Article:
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      Thurgret says:

      It …

      Doesn’t really offer educational stuff in that particular regard? Whenever you start a game up, it will have a largely accurate representation of European, African, Middle Eastern and Russian nobility and their respective holdings at the time (with external links about them, for those interested). As soon as they game starts going, however, it’s all downhill with regard to historical accuracy. The way these characters work is fairly heavily abstracted. Don’t come to the game expecting to discover how a European court actually functioned, that’s for sure.

      • Aaax says:

        Sure, I don’t expect the characters to be accurate as I play, but I’d like to know if constrains, political environment etc… is realistic. For example I know that having title of king around 13th or 14th century was huge deal in Europe for some reason, lands were conquered by marriage often…

        How much of gameplay rules are based on reality and how much is there for gameplay’s sake?

        • DerNebel says:

          The game is sort of historically accurate, conquering by marriage is somethnig you can (and will) do quite a lot, you need legitimate reasons to declare war etc. etc. Titles are a HUGE deal in this game, since most of your actual conquering will be jockeying for titles, getting enough countries in an area to have a legitimate claim for the throne.

          That being said, the game is not at all “accurate”. The biggest part of this is (imo) that you have perfect knowledge. You have the entire map laid out to you with very little chain of command and no delay in information gathering at all. Another big thing is that your characters are obviously hugely abstracted and certain events are just downright unlikely in a historical context.

          CK2 is, as far as I’m concerned, a triumph in blending historical believeablity (not gonna say accuracy here) with brilliant, fluid gameplay. Whereever historical accuracy has been sacrificed, it has been to make a hugely better game out of it in the end. It is an awesome gamification of the era, nto exactly accurate, but still captures the spirit and the themes perfectly. Hope this helps.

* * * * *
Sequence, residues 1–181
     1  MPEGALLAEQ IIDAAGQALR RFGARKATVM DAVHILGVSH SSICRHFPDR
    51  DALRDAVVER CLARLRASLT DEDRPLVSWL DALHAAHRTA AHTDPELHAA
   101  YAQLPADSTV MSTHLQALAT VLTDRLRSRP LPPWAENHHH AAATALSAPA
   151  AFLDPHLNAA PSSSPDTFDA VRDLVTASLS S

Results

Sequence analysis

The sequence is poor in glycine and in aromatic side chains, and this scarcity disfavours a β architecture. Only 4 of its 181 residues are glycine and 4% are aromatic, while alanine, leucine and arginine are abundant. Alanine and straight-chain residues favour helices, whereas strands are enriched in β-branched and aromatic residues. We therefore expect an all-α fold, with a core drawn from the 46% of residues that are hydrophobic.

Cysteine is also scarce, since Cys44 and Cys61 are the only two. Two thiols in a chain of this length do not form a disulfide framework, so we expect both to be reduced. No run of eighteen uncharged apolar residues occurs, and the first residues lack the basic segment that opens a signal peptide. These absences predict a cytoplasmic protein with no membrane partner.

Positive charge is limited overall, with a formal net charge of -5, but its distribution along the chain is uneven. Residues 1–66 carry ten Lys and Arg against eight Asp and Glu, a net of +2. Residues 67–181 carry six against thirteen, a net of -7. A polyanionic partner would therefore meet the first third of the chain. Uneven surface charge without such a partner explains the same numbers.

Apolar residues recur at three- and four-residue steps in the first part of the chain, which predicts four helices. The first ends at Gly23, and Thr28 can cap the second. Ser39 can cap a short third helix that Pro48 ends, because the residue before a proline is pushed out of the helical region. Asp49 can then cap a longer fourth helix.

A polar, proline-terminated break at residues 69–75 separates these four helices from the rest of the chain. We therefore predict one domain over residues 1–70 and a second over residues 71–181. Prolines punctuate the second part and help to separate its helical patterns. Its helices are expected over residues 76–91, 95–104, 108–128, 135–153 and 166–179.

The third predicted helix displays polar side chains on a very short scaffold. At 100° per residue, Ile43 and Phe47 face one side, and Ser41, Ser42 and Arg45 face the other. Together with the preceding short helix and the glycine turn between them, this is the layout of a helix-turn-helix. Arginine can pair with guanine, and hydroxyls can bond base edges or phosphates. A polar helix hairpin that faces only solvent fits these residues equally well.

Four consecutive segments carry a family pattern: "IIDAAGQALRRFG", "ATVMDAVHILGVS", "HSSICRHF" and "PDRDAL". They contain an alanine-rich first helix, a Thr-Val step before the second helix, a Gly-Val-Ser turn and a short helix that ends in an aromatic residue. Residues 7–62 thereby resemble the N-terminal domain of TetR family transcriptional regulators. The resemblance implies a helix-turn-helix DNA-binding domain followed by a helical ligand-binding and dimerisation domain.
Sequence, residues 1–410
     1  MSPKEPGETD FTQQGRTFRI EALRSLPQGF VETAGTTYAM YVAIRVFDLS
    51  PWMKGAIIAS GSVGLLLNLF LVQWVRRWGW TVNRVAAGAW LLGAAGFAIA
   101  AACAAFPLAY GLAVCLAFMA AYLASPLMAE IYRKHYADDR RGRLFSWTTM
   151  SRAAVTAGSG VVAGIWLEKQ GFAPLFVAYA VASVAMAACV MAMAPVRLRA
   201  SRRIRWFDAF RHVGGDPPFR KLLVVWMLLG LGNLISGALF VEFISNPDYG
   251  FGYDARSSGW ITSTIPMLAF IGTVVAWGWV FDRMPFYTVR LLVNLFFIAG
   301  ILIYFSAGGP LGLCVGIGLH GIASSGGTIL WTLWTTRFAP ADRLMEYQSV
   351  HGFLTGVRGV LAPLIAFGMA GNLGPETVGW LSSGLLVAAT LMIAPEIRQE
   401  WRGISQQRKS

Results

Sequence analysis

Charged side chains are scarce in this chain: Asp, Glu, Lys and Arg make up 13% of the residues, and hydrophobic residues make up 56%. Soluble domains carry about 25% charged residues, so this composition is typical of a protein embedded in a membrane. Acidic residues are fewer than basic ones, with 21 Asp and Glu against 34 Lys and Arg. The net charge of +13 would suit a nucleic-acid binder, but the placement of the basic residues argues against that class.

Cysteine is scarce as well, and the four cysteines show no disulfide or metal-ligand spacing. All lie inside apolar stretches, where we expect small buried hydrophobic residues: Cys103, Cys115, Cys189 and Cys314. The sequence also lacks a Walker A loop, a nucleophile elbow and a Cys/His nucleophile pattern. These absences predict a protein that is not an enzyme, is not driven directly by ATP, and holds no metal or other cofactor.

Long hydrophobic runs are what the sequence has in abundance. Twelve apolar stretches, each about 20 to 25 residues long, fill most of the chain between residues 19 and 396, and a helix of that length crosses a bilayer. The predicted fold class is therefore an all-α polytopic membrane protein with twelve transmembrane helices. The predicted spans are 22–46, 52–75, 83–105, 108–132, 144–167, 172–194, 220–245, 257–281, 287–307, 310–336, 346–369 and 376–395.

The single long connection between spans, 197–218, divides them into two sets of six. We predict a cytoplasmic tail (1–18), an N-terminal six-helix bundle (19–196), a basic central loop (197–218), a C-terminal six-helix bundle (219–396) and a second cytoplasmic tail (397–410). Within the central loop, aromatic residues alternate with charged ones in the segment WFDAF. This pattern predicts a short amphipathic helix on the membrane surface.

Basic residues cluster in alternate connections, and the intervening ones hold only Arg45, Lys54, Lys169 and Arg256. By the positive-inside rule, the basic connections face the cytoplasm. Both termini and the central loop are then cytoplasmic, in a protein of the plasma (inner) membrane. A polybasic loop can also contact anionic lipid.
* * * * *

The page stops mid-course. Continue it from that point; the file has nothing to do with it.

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            Bluerps says:

            This says it pretty well, I think. I like to say that the game is more “historically inspired” than “historically accurate”. You can get a good feeling for the historical period, but to actually learn something about it you have to read up on it, in addition to playing to the game.

        • Entitled says:

          CK2 is exactly what you are looking for.

          Huge history nerds can find inaccuracies in it, (and there are mods for that), but generally it’s much more historically based than, say, Rome: Total War, that just divides Rome into three arbitrary sections for the sake of “balance”, and your dynasty has heirs popping up both from your daughters and from your sons’ wives, because other dynastyes are not modelled at all, and basically the whole map is a game board for you to conquer instad of a simulation of the world.

          In CK2, There are Marriage contracts, and inheritance laws, including features like matrilinear marriage, seniority, agnatic-cognatic primogeniture, etc. The largest part of the game is about trying to get a legal claim on others’ lands.

          There is also an element of realpolitics in it, as you can rebel against your liege, or support a weak claim with the strenght of arms, eventually, so you are both using the societal customs and practical adventages as the opportunity comes.

          • Captain Joyless says:

            No, as far as the political institutions go, it is widely inaccurate. The biography at any given game start is accurate, but the way the system works is pretty much bollox, though it makes for a fun game.